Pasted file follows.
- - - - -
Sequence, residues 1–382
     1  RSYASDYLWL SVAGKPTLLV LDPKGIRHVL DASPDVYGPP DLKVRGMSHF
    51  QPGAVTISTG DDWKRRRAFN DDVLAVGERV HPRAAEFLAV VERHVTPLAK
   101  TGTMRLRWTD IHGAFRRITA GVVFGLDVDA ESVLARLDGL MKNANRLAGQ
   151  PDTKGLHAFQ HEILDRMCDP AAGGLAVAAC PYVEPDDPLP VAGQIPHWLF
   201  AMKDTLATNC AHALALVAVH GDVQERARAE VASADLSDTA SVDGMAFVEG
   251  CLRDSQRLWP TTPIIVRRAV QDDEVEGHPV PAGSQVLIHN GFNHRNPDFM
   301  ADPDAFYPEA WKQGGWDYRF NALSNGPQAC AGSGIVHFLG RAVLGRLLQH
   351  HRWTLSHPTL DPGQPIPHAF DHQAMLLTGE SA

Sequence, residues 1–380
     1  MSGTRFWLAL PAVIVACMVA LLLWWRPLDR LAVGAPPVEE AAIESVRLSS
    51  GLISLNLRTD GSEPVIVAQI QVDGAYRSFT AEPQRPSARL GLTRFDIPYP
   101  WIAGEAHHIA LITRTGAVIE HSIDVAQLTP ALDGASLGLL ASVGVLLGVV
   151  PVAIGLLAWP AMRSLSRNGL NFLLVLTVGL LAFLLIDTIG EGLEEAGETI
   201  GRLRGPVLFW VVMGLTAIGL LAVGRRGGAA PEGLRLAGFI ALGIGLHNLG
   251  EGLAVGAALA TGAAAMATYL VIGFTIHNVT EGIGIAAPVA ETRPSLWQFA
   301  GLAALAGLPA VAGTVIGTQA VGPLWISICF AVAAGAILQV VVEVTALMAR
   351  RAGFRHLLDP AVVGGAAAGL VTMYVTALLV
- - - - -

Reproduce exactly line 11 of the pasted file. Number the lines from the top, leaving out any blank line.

     1  MSGTRFWLAL PAVIVACMVA LLLWWRPLDR LAVGAPPVEE AAIESVRLSS